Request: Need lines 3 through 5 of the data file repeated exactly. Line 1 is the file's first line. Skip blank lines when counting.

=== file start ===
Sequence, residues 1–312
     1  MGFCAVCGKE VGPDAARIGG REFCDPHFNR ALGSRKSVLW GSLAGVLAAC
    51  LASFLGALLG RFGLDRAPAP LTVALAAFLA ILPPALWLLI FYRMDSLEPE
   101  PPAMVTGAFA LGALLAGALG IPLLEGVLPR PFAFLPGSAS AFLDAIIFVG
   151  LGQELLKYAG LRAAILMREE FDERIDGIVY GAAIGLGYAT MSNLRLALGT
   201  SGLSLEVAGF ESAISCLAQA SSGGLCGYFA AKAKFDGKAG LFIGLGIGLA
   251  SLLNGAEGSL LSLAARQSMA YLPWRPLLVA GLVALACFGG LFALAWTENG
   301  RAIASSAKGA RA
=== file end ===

    51  LASFLGALLG RFGLDRAPAP LTVALAAFLA ILPPALWLLI FYRMDSLEPE
   101  PPAMVTGAFA LGALLAGALG IPLLEGVLPR PFAFLPGSAS AFLDAIIFVG
   151  LGQELLKYAG LRAAILMREE FDERIDGIVY GAAIGLGYAT MSNLRLALGT